Fluorescence microscopy can provide exquisite sensitivity down to the single molecule level for in vitro experiments (1-3). Moreover, it has recently been shown that single fluorophores can be detected in the membrane of living cells with good signal-to-noise ratio (S/N) (4-6). What is not clear yet is whether single molecule fluorescence microscopy can provide the desired spatial and temporal resolution. Technical challenges still to be met are (i) the synthesis of spectrally resolvable, bright and stable fluorophores that can be coupled in vivo to macromolecules; (ii) the development of an easy-to-use and affordable instrument which permits high-resolution localization of individual point-like sources in 3D; and (iii) the ability to perform such measurements at a rate which is compatible with that of biological events. The invention contemplated herein provides an effective solution to the above stated problems.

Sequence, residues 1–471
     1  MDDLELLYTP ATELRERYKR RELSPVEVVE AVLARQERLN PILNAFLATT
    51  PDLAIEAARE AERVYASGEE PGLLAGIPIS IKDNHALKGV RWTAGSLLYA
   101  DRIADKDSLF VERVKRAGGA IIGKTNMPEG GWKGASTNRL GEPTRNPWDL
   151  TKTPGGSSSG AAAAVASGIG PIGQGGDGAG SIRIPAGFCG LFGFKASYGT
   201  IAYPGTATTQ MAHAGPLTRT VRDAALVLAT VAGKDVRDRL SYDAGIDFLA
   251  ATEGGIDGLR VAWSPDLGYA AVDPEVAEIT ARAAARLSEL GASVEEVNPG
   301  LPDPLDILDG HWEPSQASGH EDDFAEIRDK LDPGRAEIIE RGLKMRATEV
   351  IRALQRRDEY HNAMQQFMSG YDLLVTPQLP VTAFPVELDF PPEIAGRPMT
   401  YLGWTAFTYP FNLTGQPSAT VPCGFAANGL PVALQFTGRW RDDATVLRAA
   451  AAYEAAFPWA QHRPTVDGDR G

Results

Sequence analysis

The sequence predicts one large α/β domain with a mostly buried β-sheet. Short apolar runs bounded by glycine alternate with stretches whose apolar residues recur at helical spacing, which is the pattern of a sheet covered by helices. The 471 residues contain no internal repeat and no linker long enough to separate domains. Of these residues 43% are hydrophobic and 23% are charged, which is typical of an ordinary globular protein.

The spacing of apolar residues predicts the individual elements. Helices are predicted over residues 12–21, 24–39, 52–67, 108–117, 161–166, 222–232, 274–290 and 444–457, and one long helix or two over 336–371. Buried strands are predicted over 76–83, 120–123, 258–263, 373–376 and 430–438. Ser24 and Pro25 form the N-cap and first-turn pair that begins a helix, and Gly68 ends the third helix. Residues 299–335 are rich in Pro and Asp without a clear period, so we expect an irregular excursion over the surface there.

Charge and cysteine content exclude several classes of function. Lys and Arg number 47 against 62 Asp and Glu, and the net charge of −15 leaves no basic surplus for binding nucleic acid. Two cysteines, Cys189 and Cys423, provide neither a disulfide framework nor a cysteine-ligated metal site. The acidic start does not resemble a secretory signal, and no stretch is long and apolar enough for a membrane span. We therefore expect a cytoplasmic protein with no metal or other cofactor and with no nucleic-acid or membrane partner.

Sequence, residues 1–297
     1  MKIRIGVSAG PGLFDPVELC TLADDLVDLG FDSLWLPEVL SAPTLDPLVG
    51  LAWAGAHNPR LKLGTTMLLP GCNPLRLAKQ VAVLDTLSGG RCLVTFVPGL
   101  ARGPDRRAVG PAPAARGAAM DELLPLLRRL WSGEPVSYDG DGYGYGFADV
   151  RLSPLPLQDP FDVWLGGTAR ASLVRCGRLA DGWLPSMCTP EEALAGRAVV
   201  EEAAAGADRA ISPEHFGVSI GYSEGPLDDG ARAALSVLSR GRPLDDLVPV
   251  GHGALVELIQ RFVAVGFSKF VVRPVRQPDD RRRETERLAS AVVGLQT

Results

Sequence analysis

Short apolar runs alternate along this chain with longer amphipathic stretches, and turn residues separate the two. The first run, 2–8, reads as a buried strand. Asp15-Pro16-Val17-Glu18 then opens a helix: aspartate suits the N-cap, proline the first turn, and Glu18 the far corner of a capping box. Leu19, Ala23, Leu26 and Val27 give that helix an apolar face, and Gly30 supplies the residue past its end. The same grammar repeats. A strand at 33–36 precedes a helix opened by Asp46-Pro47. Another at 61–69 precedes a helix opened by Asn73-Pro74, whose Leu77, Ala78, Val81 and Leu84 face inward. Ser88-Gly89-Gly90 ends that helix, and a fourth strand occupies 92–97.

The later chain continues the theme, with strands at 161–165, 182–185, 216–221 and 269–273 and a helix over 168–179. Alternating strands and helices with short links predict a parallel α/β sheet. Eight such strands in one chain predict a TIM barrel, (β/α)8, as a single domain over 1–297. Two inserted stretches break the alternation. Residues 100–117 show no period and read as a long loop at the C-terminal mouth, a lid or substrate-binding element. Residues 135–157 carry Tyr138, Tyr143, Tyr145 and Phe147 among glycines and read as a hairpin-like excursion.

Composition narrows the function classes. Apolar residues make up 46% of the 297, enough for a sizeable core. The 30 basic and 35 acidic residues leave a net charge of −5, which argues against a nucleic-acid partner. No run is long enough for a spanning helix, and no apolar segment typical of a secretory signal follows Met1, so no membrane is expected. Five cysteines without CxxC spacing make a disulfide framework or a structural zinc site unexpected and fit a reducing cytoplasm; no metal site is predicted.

References.

The following references are used to explain and describe the prior art and the invention. The contents of the references are hereby incorporated by reference in their entirety.

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Abbreviations used herein include: APD, avalanche photodiode; CL, confidence limit; CLPS, closed-loop piezo-scanner; cpp, count-per-pixel; ICCD, intensified charge-coupled device; NC, nanocrystal; PD, probability distribution; PSF, point-spread function; S/N, signal-to-noise ratio; UHRC, ultra-high-resolution colocalization; TFS, TransFluoSphere, 2D, two-dimensional; 3D, three-dimensional; NSOM, near-field scanning optical microscopy; FWHM, full-width half-maxium.

BRIEF SUMMARY OF THE INVENTION